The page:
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In this episode of CREATE. PHOTOGRAPHY, Daniel Sigg will give a brief introduction to the stunning photography of American photographer Jay Maisel. Jay had a long career as commercial photographer, and photographed the likes of Marilyn Monroe and Miles Davis. But he really got well know for his use of light, gesture and color in everyday scenes. Daniel will also review 3 of Jay’s images.
Light, Color, Gesture – a brief introduction to Jay Maisel
Some quotes by Jay Maisel
What’s photography really all about? (from his book Light, Gesture and Color)
Jay Maisel: A quote from Sam Garcia, “Photography is about everything but photography.
Who were the most important photographers? (from an interview with John Paul Caponigro https://www.johnpaulcaponigro.com/photographers/q-and-a/jay-maisel/)
Jay Maisel: I think classification and judging are ridiculous.
What is your most marked characteristic?
Jay Maisel: Loud, vulgar and thoughtful.
The whole world now shoots everyday street scenes, why are yours more magical than theirs? (interview with David Dye)
Jay Maisel: I throw away the bad ones.
Born in 1931 in Brooklyn NY
He studied painting and graphic design at Cooper Union and Yale
Began career in photography in 1954
Portfolio includes the likes of Marilyn Monroe and Miles Davis including the album cover for Kind of Blue
But he is perhaps best known for capturing the light, color, and gesture found in everyday life.
He worked as a commercial photographer through the 90s and then focused more on his personal photography, as well as becoming a teacher to others.
From 2018 Written Interview with Jay Maisel (by David Dye): https://davedye.com/2018/06/18/interview-jay-maisel/
Pete Turner, Ernst Haas, and I opened a gallery in Carnegie Hall on 57th St. to show color.
For today’s brief introduction, I want to follow three aspects of Jay’s work that also are reflected in his book with the same name: Light, Gesture and Color
There is no bad light.
Jay talks about photographers who say “I won’t shoot in the middle of the day” “I only shoot at the golden time” provides many stunning examples where the opposite is true.
Jay is being asked this a lot. And it is difficult to explain. But he thinks the best is probably essence …. characteristic is good,
In Jay’s words it “reveals the essence of each thing we look at …. he also calls it the “it-ness” of anything we shoot.
It is about, in Jay’s word to “see and show others not just the superficial, bu t the details, the meanings, and the implications of all that you look at: the wetness, the reflectivity, and power of water; the subtlety of clouds; the texture of the bark of the tree; the delightful surface of a finished piece of wood: the smoothness of a baby; the rough ragged face of the aged: or the aerial perspective of diminishing clarity in a series of mountains.
It’s obvious that its not just people who have gesture. It’s in everything we look at: chairs, tables, houses, cars. If we look … it’s there.” (end quote)
In an interview with David Dye in 2018 he was asked:
“Gesture trumps graphics”. What do you mean?
Jay Maisel: As the years have gone on I’m less interested in the form of pictures than I am in the content of pictures.
I’m less in interested in visual patterns than I am in the behaviour going on in the picture.
However, I still think that you can ruin a picture by not being aware of what’s in it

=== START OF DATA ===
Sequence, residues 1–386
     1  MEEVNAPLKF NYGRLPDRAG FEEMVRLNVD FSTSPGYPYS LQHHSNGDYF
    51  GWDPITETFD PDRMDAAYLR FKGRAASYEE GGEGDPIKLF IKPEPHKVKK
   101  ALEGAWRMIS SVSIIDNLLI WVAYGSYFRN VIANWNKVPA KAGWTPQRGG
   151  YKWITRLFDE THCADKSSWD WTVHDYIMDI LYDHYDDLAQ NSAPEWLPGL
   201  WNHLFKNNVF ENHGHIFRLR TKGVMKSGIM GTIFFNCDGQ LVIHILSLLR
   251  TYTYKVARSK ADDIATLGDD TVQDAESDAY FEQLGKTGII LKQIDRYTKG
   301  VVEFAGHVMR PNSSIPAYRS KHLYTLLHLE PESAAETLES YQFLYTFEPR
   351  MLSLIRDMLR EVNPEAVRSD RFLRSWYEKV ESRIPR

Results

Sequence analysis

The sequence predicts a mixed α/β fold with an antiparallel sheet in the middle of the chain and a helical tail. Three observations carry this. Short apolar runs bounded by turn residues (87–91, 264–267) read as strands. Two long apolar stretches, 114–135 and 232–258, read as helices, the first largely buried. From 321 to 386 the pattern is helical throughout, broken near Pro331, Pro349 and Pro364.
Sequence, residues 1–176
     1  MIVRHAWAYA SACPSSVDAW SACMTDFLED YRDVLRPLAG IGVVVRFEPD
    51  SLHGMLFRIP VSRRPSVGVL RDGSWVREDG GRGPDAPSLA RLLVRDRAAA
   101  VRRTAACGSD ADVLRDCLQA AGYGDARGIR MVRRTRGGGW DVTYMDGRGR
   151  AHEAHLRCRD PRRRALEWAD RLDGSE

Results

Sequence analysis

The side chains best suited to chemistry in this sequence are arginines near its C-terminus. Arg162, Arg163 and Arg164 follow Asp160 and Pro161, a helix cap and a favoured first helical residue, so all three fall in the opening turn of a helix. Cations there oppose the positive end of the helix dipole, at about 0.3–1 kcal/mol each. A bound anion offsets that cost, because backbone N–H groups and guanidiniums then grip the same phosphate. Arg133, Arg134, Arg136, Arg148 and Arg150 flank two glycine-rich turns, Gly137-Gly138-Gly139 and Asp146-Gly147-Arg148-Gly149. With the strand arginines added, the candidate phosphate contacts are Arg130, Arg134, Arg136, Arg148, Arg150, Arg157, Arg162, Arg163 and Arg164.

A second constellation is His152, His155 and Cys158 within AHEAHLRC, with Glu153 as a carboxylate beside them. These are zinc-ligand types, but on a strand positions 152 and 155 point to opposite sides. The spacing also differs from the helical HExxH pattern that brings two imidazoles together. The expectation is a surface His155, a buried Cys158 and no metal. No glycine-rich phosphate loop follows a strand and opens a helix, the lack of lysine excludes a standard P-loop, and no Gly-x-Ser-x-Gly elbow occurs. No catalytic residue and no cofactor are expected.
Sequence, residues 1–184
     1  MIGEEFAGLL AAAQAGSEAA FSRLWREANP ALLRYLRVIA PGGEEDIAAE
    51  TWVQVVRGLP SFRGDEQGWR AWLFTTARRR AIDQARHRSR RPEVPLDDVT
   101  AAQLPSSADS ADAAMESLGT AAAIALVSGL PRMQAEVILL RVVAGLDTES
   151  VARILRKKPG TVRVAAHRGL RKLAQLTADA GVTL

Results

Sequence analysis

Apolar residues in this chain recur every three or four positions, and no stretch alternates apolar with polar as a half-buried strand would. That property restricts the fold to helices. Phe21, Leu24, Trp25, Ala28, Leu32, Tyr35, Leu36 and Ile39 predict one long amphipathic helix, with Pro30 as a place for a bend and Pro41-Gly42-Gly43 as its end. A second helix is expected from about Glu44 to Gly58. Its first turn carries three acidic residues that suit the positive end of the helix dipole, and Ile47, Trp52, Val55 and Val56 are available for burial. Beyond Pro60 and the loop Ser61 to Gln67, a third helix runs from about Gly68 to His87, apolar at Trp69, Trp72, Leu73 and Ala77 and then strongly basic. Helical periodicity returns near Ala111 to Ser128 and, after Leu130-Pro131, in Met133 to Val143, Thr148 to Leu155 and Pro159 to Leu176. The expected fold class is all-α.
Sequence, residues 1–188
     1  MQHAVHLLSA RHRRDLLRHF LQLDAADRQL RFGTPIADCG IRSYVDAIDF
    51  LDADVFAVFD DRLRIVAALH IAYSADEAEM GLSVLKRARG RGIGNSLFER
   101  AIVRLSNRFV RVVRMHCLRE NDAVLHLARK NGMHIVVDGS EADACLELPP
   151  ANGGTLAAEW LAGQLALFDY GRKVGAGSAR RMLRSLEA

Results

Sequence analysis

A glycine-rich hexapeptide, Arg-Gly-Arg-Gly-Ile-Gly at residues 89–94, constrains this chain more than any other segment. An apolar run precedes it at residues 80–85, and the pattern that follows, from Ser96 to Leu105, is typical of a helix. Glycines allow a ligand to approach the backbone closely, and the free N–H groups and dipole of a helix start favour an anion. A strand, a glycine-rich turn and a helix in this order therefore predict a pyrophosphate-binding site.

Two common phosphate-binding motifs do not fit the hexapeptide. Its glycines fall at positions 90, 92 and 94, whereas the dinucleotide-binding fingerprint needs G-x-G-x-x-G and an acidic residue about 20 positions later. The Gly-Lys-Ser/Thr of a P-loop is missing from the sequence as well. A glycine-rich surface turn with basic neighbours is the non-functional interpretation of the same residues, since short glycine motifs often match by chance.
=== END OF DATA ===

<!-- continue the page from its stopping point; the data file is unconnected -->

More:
I quoted Jay about color theory in my previous episode several times. And not necessarily to say that color theory is so important, but it is clear that Jay understands color theory including additive and subtractive color. In an interview he also talks about how he gets “emotional” when the color of a monitor for example is not correct.
Jay says that one color means nothing. Only when color relate to each other, things become interesting. He talks about how the impressionists used additive color in an exceptional way, for example, the put a blue next to a yellow and the observer would see pure green.
He states that we as photographers have to be aware of subtractive color. He explains how by one can change a neutral grey by putting it next to a cool green (then the grey will look warmer), or to a warm red (in that case the grey will look cooler).
In the end, Jay states Color just “is”. Stay open to it, he says. Don’t plan for it, don’t look for a particular color. Just stay open, be loose and color will come to us.
Image Review: links to images
Image 1: Main Trees https://www.jaymaisel.com/products/maine-trees
Image 2: https://davedye.com/2018/06/18/interview-jay-maisel/orange-walllatejay-maisel/
Image 3: https://davedye.com/2018/06/18/interview-jay-maisel/#jp-carousel-37489 coalminers
Summary and more resources
To sum up, I find Jay’s work very inspirational.
The best thing to do and to understand the light, color and gesture Jay is talking about is to review his work. If you are not familiar with him, a good start is to just do a google images search on Jay Maisel.
I highly recommend his book Light Color and Gesture and also It’s not about the F-stop. I am sure his other books are great, too, but those are the ones I own currently.
Written interview with Jay Maisel (by John Paul Caponigro) https://www.johnpaulcaponigro.com/photographers/q-and-a/jay-maisel/
Written Interview with Jay Maisel (by David Dye): https://davedye.com/2018/06/18/interview-jay-maisel/
Interview with Jay about color https://blog.xritephoto.com/2015/10/colortalk-xrite-coloratti-jay-maisel/#sthash.jhKVee9k.gOXge0WU.dpbs
Jay Maisel talking about being open https://vimeo.com/116692462
Jay Maisel talking about gesture https://vimeo.com/116718991
A short documentary about Jay https://videopress.com/v/bD1VNFNG
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